‘We were diagnosed three years ago after 2 years of trying to find out what was causing our symptoms. Giulia suffers from fatigue and feeling sick as well as her throat swelling and struggling to breathe if she eats gluten. Whereas I've got a bit of every symptom you can imagine. I become very sick, dizzy, blurred vision, no coordination, foggy brain, sore joints and bones, fatigue and very emotional. We find it very difficult to eat out anywhere and feel safe, as our side effects are quite severe this. This led us to set up our little business. People with Coeliac disease now have somewhere they can trust and a place that's quick and convenient to eat.
The business has been here at Canterbury for about a year, selling to local businesses and taking private orders. We have only just recently started in Canterbury with our mobile food trailer.
We are in Canterbury every Tuesday, Thursday, Saturday and Sunday at the moment. Any event we have to attend that prevents us being in Canterbury will be listed on our Facebook and Instagram account.’
The coffee morning closed having empowered the group to take control of their own safe eating out, by recognising visually what looks safe & what doesn't & by research of places to eat.
Here is a summary of tips Lorraine gave:
There are lots of signs to look out for. If you are unsure follow your gut instinct as one thing is certain - if it is not safe eating your gut will soon let you know.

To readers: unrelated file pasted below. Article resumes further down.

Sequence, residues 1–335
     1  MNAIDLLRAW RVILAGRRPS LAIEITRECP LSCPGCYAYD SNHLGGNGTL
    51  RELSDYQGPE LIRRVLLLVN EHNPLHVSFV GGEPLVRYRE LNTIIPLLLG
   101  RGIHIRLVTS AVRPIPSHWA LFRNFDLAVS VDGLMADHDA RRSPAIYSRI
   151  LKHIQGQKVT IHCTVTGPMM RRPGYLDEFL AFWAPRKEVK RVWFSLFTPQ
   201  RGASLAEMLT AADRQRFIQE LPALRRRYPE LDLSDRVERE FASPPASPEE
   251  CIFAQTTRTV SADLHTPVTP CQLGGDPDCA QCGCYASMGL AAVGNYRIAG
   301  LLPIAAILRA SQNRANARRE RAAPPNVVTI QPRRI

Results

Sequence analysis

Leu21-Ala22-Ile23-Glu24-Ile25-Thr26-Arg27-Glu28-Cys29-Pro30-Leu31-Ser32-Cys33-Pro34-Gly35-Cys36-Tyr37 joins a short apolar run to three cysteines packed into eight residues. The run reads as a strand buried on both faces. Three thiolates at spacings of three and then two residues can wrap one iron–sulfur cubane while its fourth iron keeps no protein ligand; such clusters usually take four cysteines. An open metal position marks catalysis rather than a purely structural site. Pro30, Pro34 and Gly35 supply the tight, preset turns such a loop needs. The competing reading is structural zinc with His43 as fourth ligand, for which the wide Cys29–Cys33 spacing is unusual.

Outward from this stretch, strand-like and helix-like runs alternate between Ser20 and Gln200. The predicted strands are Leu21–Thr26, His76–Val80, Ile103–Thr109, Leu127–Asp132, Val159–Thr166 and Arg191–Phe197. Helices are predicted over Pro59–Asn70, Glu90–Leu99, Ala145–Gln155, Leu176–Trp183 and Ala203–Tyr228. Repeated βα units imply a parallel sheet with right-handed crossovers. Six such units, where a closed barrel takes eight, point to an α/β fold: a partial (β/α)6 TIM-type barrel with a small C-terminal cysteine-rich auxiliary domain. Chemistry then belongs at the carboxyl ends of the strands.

Always remember on the positive eating out had never been so good compared to even 16 years ago when Coeliac chef Lorraine was diagnosed so do not be put off, let's all go out and enjoy ourselves as eating out is a great experience.
In 2014 an American Study suggested that people with Coeliac disease may double the risk of Coronary Heart Disease. Already it is known that there is a higher risk of developing arrhythmias (irregular heartbeats) and or heart failure.
The risk of stroke was also found to be slightly higher than non-coeliacs. Reduced bone density is also a risk with Free From eaters. The exclusion of certain food groups can lead to deficiency and or malabsorption of calcium, magnesium and vitamin D, to name a few.
Today we are focusing on heart health for free from eaters. Our heart is a muscle, and like other muscles need exercise and a healthy diet to keep it working at an optimum level.
What can we do to improve and maintain our heart health ?
Keep away from faddy diet regimens. A balanced, varied, moderate eating plan is all you need.
⦁ Brown Rice, Pasta (free from), polenta, quinoa
⦁ Dairy alternatives such as almond milk, oat milk, rice milk, lactose free
⦁ Meat, oily fish, white fish, eggs, quark
Remember frozen, dried and tinned fruit in juice and vegetables can be eaten as part of your five a day.
A portion is about a handful (80g or 3oz), for example:
⦁ 4 broccoli florets
⦁ 1 pear
⦁ 3 heaped tablespoons of carrots
⦁ 7-8 strawberries
Too much saturated fat can increase the amount of cholesterol in the blood, which can increase the risk of developing coronary heart disease.
Unsaturated fats, which can be monounsaturated fats (for example olive oil, rapeseed oil, almonds, unsalted cashews and avocado) or polyunsaturated fats (including sunflower oil and vegetable oil, walnuts, sunflower seeds and oily fish) are a healthier choice.
Sip, Sip, Sip – Our bodies are constantly losing moisture through it’s activities eg. Urination, sweating, eating, tear ducts so it’s vital we keep replacing what we lose and use.
#coeliac #freefrom #Heart #Health #Faversham #Kent